Irene, Part One

September 4th, 2011

I’ve been through three hurricanes.  Well, technically, except for the first one, they had stopped being hurricanes by the time their paths crossed mine.

I met the first one in the middle of the Atlantic Ocean.  The year was 1967 and I was fifteen, a passenger on the S.S. Constitution en route with my family to a year in Europe.  The ship was one year older than me.  We skirted a late summer storm which perhaps presaged that year’s coming turbulence of assassinations, riots, and war.  Of the hundreds of passengers aboard, my father and I, devoted trenchermen both, were almost the only ones to appear in the dining room that night.  Spaghetti carbonara.  Rain, wind, and ceaseless, extravagant motion.  Sleep soon after dinner, because it was the only thing to do.

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Bigger than life means dead

August 24th, 2011

I recently participated in a Facebook discussion about the new Martin Luther King, Jr. National Memorial.  The press clipping that sparked the discussion said that critics of the memorial are upset because it depicts King in a sombre, confrontational stance, and because it was done by a sculptor from China.  The reported criticism seems absurd to me.  It is a curious mythology that would recall King as a nonconfrontational figure.  On the other hand, I think MLK might have had some trouble wrapping his mind around the idea of a 30 foot tall statue of himself on a 4 acre plaza. I don’t think he would have much cared what country the perpetrator was from.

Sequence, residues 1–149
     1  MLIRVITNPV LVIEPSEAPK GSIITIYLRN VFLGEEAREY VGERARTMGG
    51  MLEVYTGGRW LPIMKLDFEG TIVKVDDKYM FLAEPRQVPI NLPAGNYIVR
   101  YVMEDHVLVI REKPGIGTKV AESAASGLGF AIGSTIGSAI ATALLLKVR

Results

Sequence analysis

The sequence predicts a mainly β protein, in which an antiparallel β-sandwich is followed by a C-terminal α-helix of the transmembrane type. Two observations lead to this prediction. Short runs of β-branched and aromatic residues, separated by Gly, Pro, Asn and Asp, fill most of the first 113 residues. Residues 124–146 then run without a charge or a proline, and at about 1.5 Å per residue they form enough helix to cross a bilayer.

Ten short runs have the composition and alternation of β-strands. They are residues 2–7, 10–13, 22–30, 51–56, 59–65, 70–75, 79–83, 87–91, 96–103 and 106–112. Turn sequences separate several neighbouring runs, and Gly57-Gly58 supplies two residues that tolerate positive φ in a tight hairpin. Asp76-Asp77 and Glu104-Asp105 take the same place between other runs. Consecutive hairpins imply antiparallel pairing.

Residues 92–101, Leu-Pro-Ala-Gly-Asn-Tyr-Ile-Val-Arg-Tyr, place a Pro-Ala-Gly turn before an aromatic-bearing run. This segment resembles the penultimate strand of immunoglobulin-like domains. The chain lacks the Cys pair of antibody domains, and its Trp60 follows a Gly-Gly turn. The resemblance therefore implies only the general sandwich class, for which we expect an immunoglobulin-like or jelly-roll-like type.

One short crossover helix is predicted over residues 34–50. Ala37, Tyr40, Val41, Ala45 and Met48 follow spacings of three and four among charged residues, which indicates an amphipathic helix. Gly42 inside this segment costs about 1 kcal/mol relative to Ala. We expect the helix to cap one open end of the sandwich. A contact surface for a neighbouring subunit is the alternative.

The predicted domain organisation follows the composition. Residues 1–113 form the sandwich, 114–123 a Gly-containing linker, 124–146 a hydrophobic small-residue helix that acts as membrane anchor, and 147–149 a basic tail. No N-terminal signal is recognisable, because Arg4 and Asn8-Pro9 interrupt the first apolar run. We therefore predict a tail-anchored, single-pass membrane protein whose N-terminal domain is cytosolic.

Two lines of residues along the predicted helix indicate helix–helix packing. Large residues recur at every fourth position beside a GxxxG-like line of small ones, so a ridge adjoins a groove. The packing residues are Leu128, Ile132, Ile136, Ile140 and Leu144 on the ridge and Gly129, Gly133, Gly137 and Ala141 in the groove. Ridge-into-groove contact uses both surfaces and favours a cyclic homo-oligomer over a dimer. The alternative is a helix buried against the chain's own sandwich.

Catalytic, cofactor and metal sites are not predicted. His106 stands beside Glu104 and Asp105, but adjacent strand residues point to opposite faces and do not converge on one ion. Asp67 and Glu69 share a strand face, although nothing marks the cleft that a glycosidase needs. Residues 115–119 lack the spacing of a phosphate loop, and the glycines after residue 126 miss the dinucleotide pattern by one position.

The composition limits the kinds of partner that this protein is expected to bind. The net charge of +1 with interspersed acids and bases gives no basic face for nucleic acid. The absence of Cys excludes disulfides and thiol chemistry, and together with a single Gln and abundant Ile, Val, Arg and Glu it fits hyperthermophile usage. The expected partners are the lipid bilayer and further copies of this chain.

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Bare Nekkid Boys

May 15th, 2011

A recent encounter with high school memories has me thinking about the sexual culture of hell.  In Dante’s Inferno, souls are punished for sex out of wedlock and for sex with taboo partners.  In To Join the Lost, seven hundred years later, the picture has evolved.  In place of the “sexually incontinent,” we find sexual predators.  Instead of damnation for being gay, people condemn themselves to suffering for denial.

These thoughts come to you courtesy of the Facebook group for alumni of Kenmore West Senior High School, my alma mater.  A lot of comment there the past few days has been sparked by the recollection that, in the late sixties and seventies, gym teachers required boys to swim naked in the pool.

The immediate reaction of many, of course, is “eeuw!”  Where were the parents?  Where were the authorities?  What were they thinking?  Imagine anything like that happening today!  At least one commenter has used the word “pedophile,” and there has been talk of lawsuits.